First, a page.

Saturday, November 17, 2007

I thought this was a bit ironic!

The book I'm reading is "The Artist's Way" by Julia Cameron. In each chapter there are quotes from notable historical heroes and people of note on the margins of each page. In the section I was reading today was a quote from Buddha. It said, "To keep the body in good health is a duty. Otherwise we shall not be able to keep our mind strong and clear." Now, my immediate thought was, "This may be true, but why is it coming from a man who is always portrayed by artists and stonemasons as morbidly obese?" Now perhaps the real Buddha was trim, taut and terrific. I've heard this theory, but if this is the case, why do his statues make him appear as if he's a candidate for the cardiac ward and ought to go on a diet and get to the gym?

I'd like to add that I've known a few practising Buddhists and they've been lovely, caring people. I had to study Buddhism, along with the other major world religions, at High School in a subject called, "History of Ideas." I've even read some texts by authors who have tried to integrate both Buddhism and Christianity into their own personal lives. However, I know that any understanding I have is fairly shallow. Coming from a Christian background, I don't know a great deal about Buddhism, but here are a few observations.

Julia Cameron herself, in "The Artist's Way" says, "Creativity requires action and part of that action must be physical. It is one of the pitfalls of westerners adopting eastern meditation techniques to bliss out and render ourselves high but dysfunctional. We lose our grounding and with it, our capacity to act in the world." Interesting thought!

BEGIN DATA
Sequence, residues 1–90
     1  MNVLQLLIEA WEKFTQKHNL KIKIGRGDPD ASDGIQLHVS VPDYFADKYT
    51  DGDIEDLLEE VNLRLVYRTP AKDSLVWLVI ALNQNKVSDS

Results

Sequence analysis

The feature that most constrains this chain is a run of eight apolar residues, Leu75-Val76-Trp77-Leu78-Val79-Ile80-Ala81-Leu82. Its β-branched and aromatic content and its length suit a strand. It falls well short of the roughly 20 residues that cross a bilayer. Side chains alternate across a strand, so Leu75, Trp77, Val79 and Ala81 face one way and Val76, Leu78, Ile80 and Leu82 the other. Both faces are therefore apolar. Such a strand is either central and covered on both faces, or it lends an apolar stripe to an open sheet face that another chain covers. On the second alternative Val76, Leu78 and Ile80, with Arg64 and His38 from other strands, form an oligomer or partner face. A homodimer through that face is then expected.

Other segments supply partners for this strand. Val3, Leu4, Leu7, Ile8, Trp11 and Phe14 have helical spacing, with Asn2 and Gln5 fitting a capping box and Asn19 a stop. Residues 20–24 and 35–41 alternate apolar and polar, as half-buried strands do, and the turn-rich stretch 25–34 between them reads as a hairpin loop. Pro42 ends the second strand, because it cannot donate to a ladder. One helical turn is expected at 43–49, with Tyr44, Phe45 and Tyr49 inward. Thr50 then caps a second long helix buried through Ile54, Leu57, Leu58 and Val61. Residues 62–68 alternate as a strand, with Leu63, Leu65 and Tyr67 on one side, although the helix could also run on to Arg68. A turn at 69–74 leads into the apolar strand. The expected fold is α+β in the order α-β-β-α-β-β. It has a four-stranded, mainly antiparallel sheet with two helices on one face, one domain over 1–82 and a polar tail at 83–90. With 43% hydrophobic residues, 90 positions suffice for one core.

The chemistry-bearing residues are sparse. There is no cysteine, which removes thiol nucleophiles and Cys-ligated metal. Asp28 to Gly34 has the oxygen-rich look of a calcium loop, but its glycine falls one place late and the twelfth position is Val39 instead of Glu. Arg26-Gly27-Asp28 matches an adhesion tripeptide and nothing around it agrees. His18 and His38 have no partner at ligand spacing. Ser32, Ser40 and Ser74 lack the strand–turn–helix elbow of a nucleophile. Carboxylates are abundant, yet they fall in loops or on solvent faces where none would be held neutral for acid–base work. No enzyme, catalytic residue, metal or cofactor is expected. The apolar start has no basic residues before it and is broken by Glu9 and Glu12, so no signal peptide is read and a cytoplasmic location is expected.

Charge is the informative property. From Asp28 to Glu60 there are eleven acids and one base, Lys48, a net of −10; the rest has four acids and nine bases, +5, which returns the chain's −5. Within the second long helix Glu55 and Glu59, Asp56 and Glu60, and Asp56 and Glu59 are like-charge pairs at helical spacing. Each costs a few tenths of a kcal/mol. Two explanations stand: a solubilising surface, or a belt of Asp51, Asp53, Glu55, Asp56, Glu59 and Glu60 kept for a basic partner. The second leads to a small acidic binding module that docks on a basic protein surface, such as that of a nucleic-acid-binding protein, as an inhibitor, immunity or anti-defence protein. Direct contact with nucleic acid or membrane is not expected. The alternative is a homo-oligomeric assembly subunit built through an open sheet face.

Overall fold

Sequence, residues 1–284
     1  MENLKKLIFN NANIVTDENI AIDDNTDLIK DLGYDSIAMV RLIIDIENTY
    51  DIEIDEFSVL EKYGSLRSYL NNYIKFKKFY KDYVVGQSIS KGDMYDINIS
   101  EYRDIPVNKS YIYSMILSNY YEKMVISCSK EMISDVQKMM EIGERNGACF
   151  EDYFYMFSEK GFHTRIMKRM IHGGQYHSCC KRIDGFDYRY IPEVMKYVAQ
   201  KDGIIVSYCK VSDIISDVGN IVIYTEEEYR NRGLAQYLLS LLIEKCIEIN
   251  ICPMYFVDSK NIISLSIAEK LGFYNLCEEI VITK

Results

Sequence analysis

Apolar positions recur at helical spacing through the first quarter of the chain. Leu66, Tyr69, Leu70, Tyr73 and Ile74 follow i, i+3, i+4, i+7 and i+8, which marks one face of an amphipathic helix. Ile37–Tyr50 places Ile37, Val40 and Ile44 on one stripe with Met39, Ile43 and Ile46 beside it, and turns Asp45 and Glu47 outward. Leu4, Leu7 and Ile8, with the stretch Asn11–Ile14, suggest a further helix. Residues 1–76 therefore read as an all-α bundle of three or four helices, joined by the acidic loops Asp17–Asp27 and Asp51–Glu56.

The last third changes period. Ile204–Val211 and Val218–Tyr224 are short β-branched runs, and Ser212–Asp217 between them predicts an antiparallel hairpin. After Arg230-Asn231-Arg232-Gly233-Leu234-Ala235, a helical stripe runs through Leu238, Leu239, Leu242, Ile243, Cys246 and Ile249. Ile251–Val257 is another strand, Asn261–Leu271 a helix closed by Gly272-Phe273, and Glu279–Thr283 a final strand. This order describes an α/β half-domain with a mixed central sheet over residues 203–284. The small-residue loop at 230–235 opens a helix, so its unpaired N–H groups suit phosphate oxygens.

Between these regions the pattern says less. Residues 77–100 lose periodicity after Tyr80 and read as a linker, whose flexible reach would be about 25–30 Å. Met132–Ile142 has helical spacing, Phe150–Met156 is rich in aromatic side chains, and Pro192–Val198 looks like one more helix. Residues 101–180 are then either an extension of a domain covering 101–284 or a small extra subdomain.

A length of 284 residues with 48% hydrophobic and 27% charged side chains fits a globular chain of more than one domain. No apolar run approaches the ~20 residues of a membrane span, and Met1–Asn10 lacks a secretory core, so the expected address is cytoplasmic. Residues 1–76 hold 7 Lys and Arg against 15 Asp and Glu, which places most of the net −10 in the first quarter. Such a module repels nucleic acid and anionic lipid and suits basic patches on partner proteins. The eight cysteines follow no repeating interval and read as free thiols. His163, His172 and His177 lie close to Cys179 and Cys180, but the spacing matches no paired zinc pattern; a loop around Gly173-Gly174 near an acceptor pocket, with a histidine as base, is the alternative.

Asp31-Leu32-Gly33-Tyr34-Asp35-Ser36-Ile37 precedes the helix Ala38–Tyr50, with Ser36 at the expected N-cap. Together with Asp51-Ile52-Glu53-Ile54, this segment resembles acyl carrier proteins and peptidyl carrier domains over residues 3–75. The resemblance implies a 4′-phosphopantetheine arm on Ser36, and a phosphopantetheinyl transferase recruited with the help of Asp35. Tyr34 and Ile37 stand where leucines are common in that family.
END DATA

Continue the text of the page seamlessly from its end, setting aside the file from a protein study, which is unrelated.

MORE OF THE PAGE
My pastor and a team of others, including one of my sisters-in-law, have just returned from a missions trip to Sri Lanka. They showed us all some beautiful slides and told us interesting stories. The pastor mentioned the prevalence of Buddhism among the people of Sri Lanka and told us that it's amazing to visit the country with an Australian perspective. Over here, most people we come across who practise Buddhism (and there are relatively few) emphasize the peaceful, introspective aspect, and karma, nirvana, respecting all living creatures, and searching for happiness within. That was what they expected to find from the Buddhists in Sri Lanka but instead, they are far, far more militant, throwing their weight around and persecuting minority groups. Also interesting.

It's fairly late at night and I wasn't really sure where I was going with this when I started it. I guess I'm just glad to be born into a Christian culture with a chance to practise my Christian beliefs without persecution. Because when you think about it, in spite of the reputation we sometimes have of being "pushy" and "intolerant" of others, Christianity is by far the least "pushy" and aggressive of all major world religions. We don't arrest, molest or torture anybody who differs from us, unlike the others, especially in their home countries. And that's just part of what Jesus meant when he spoke of his followers being the light and salt of the world. Praise God for that!

1 comment:

  1. Interesting thoughts. Another book for my growing "to be read" pile. :o)
    It is a good point you make about differences in religious practice. I think the culture and economy of the country helps to mold the attitudes about religion. In our rich countries, it is easier for religious tolerance to exist. Poorer nations and nations without our freedoms are more ready to scapegoat a group.
    And then I think about how easily social order broke down in New Orleans during Hurricane Katrina and I wonder. Fear. Jealousy. Anger. Hate. How different are we from our less privileged brethren?
    I'm rambling! Sorry, it's late here.
    Peace and Laughter,